If it wasn’t for libel laws I’d be tempted to call the Conservative Member of Parliament for Mansfield, Ben Bradley, an idiot. He’s the one who tweeted out the following about the leader of the Labour Party, if I may be forgiven for quoting what is now the subject of a libel action: “Corbyn sold British secrets to communist spies…get some perspective mate!! Your priorities are a bit awry! #AreYouSerious”
Well, it seems Jeremy Corbyn is serious – serious, that is, about demanding an apology and damages to be paid to a charity of Corbyn’s choice (if he can find one that isn’t full of perverts).
Quite right, too.
There’s a rather stuffy view around that when someone uses the courts in this way, that is, to exercise their right to defend themselves, it is somehow “bullying” or an assault on free speech, or otherwise hypocritical and unpatriotic.
I speak as someone who has experience in the matter. (Puts on pompous voice) I myself have been the subject of vituperative attacks in sections of the British satirical press, and have taken informal soundings about the wisdom of pursuing a claim through the courts. I was advised, informally, that while I was right and had a perfectly good case, and the alleged libel was indeed a libel, engaging the legal profession is an expensive business and, gently, was also informally advised that my reputation was, basically, worthless. So it wasn’t worth it. That, by the way, is what is definitely wrong with the libel system – no recourse for those without means and who aren’t high profile enough to get the press to retract and apologise when they trash you. And don’t tell me about IPSO, thanks.
Corbyn, in stark contrast, does have a public reputation worth protecting, and should not have to put up with this sort of nonsense. Bradley made the mistake of saying something so outrageous and so unprovable, and in fact so patently absurd, that he has no defence.
While the skilled hack can hedge around with weasel words, smear through association, contort and conflate money and fantasy and venom to great damaging effect, poor Bradley is plainly an amateur in this game. He should get himself on the Daily Mail training scheme to learn some of these skills.
He is the sort of MP that the whips despair of, and who secretly they probably think he deserves a good spanking and Corbyn may as well dish it and save them the bother. They were having a bit of fun with the old lefty, but then Bradley comes along and messes it all up! As someone wrote of the supposedly naive Corbyn, it is surprising they let Bradley out without a nanny. It may be a long while before he gets his first ministerial job.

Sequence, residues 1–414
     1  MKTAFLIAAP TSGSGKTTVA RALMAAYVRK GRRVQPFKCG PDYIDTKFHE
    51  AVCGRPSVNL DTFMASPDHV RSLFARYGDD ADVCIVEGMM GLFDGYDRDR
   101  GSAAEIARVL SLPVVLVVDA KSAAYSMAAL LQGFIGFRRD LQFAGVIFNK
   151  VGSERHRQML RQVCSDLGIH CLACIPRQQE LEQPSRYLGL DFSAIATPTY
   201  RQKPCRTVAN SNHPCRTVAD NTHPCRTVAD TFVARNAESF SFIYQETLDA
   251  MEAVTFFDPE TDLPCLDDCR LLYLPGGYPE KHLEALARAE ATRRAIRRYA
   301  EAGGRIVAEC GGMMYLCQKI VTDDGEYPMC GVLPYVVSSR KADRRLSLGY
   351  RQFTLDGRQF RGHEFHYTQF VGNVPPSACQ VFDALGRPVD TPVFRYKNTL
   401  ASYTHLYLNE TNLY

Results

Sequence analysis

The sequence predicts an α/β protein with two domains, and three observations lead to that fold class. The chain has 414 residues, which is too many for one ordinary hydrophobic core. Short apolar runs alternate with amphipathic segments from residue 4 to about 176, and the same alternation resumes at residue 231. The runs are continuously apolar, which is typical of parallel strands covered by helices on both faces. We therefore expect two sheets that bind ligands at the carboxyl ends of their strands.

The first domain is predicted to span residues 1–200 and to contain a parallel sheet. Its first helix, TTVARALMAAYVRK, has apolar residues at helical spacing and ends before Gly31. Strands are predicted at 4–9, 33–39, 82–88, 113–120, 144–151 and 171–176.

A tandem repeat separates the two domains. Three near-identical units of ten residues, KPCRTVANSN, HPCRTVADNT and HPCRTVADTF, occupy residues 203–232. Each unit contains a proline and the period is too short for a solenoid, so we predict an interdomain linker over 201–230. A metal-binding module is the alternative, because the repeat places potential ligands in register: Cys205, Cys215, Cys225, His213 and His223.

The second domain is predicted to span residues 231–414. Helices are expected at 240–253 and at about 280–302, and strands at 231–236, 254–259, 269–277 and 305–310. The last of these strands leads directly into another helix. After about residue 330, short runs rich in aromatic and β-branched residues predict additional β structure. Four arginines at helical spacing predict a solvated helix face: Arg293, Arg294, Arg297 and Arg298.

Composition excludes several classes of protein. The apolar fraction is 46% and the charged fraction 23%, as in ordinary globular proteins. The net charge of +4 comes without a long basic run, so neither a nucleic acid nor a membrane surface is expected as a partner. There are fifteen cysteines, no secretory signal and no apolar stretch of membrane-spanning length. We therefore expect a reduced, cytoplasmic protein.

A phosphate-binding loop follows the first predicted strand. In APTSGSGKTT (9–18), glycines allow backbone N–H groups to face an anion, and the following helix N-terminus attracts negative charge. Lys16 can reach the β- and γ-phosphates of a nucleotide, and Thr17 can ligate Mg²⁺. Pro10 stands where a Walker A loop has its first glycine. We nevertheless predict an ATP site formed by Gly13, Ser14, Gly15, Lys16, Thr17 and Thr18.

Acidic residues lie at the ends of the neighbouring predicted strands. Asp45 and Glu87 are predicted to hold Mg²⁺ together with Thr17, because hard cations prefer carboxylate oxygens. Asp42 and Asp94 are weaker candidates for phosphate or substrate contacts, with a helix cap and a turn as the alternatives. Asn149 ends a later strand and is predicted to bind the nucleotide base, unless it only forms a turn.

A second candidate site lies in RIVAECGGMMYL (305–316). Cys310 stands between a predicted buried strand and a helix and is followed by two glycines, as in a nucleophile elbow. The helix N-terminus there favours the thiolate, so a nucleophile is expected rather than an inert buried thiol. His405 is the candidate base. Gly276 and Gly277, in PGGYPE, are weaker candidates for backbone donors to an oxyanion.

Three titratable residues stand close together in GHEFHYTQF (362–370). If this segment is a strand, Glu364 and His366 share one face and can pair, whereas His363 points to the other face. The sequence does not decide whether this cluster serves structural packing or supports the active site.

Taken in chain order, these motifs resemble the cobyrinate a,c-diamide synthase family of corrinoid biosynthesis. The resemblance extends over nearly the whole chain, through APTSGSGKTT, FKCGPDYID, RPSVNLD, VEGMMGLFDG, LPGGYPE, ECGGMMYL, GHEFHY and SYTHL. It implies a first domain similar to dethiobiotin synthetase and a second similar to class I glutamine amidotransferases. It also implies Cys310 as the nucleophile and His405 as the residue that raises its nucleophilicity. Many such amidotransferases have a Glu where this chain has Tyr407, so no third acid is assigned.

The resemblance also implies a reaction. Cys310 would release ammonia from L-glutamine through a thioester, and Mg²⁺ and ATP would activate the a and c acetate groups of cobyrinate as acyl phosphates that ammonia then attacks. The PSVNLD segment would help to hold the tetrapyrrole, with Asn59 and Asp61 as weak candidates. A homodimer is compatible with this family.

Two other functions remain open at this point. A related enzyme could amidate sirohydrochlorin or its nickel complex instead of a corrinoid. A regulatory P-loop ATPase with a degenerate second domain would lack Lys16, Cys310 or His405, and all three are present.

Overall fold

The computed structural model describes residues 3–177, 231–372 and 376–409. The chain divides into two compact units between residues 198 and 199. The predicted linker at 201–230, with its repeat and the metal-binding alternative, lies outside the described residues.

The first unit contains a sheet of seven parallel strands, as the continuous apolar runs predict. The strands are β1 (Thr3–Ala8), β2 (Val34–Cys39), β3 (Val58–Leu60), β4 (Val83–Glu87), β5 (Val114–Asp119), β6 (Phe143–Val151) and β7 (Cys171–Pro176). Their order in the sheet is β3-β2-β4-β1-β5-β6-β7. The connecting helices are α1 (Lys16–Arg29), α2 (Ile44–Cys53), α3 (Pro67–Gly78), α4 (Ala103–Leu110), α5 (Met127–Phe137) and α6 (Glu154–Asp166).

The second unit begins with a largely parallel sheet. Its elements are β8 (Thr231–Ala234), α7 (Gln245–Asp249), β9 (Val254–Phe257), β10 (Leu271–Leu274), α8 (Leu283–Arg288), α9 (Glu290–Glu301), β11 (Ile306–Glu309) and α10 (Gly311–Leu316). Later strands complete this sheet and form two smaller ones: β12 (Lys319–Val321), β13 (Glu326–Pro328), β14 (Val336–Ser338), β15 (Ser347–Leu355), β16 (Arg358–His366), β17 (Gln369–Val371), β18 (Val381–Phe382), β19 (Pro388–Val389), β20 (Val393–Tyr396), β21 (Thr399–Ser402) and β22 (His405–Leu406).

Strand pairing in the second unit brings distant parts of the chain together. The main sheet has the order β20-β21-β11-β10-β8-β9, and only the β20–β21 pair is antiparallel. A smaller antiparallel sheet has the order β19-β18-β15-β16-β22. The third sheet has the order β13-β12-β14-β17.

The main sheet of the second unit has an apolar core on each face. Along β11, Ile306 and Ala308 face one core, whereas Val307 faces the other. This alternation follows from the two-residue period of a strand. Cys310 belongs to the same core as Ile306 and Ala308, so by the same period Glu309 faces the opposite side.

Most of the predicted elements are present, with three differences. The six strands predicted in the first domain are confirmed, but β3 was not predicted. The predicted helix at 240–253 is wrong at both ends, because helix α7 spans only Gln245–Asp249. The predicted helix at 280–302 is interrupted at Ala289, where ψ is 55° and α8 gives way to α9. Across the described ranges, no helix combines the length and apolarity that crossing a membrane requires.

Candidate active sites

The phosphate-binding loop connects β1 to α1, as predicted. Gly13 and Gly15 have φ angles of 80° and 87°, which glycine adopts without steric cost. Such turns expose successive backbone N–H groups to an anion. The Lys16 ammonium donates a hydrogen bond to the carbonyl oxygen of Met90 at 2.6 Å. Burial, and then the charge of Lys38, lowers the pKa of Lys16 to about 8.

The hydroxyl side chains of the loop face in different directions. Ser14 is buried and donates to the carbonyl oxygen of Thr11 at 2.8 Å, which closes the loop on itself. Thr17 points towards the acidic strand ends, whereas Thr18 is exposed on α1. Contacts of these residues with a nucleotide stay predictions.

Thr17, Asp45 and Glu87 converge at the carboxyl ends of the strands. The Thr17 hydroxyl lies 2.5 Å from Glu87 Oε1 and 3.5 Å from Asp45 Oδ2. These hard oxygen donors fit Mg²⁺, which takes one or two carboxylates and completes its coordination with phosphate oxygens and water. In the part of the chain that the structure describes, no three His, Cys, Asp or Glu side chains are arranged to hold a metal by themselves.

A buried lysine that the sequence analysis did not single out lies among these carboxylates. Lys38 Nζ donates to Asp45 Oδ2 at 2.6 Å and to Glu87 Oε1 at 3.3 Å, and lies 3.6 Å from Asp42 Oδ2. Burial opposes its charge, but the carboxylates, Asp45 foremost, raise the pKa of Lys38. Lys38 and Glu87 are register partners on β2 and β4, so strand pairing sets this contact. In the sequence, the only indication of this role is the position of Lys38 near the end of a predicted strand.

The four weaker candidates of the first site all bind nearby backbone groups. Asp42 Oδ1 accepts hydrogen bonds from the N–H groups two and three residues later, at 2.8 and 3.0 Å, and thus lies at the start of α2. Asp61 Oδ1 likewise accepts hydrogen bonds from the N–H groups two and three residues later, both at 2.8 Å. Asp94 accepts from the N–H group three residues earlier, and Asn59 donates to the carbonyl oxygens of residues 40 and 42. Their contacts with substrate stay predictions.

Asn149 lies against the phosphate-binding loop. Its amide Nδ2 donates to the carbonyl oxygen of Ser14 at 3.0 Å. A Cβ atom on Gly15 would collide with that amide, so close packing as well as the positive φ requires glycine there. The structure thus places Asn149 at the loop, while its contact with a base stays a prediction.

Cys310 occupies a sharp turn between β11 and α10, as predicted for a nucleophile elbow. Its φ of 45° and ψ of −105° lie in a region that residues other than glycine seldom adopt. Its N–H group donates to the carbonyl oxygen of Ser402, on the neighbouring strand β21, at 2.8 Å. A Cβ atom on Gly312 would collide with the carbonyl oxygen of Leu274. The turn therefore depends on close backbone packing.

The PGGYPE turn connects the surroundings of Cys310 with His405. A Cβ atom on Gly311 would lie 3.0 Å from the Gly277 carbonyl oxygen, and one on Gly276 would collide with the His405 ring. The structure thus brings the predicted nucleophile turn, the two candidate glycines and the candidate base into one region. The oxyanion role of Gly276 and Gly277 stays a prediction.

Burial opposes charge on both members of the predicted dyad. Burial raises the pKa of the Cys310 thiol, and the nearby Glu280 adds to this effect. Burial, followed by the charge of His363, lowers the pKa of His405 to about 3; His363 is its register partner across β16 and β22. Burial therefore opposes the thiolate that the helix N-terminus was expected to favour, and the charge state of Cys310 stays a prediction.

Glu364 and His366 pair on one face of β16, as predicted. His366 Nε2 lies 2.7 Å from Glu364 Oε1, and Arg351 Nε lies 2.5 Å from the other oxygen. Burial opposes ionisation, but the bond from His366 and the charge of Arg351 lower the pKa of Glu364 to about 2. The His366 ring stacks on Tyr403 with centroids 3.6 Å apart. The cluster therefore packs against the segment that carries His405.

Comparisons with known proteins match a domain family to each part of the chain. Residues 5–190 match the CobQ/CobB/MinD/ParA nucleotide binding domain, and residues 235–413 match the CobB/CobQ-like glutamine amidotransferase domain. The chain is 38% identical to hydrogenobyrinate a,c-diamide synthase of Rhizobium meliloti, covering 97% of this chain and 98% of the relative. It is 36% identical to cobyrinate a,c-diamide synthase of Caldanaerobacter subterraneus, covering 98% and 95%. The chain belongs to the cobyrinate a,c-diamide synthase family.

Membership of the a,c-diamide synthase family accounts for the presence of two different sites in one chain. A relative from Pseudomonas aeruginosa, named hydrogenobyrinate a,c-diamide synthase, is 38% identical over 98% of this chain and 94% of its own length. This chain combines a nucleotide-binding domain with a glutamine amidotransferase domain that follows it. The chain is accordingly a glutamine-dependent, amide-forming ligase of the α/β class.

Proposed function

It’s been well-noted that Corbyn has grown into an amazingly effective politician, going on the attack like his old mentor Ken Livingstone always used to, rather than cowering down and hoping the right-wing papers will go away. I suspect his press secretary Seamus Milne is also helping in this, and turning into a practitioner of the dark arts of rare quality.
Even though they loathe the likes of Peter Mandelson and Alastair Campbell, the Corbyn-Milne machine also clearly knows what it is doing. Though Milne’s tactics are rather different from the Blairites approach of abasement and appeasement to the likes of Rupert Murdoch, he is emulating New Labour’s success in media management. Don’t get me wrong – Labour would wreck the economy, but credit where it is due.
There’s been a turning point. What is so interesting is the way that, during the last general election, the Conservatives, their press allies and the various “agencies” deployed to trawl through everything Corbyn had ever said or done threw the lot at him. It didn’t, as we all know, work very well. Every representative of Hamas, every IRA gunman, every Trot, freak or flat-Earther who Corbyn had ever shared a platform or a pot of rhubarb jam with in the spirit of reconciliation and engagement, or summat, was offered up to the public as evidence that the guy was unfit to be prime minister, and none of it worked because none of it matters any more. The printed press isn’t the force it once was.
Immaterial too, I have to say, is whatever happened at a reception at the embassy of the Czechoslovak Socialist Republic, a defunct regime ruling a now defunct country. No one, not even the best of the journalists deployed on the job, can say that Corbyn carried in his rucksack the codes to launch the Polaris nuclear deterrent or the timetable for the yanks to put cruise missiles on Greenham Common. He didn’t even have Neil Kinnock’s home phone number, so much was he marginalised even within his own party.
The truth, sadly, is that Corbyn was the best that some spook at the embassy could come up with as a “contact” to try and impress his bosses back in Prague and Moscow, who, he’d have rightly calculated, wouldn’t realise just how unimportant and ill-informed Jeremy Corbyn actually was. Maybe the Czech fellah even fantasised that, Manchurian-candidate style, he was cultivating Corbyn, like a sleeper, to be their agent when Corbyn, one day, became prime minister of a socialist Labour government in Great Britain. What a silly idea that was, eh?
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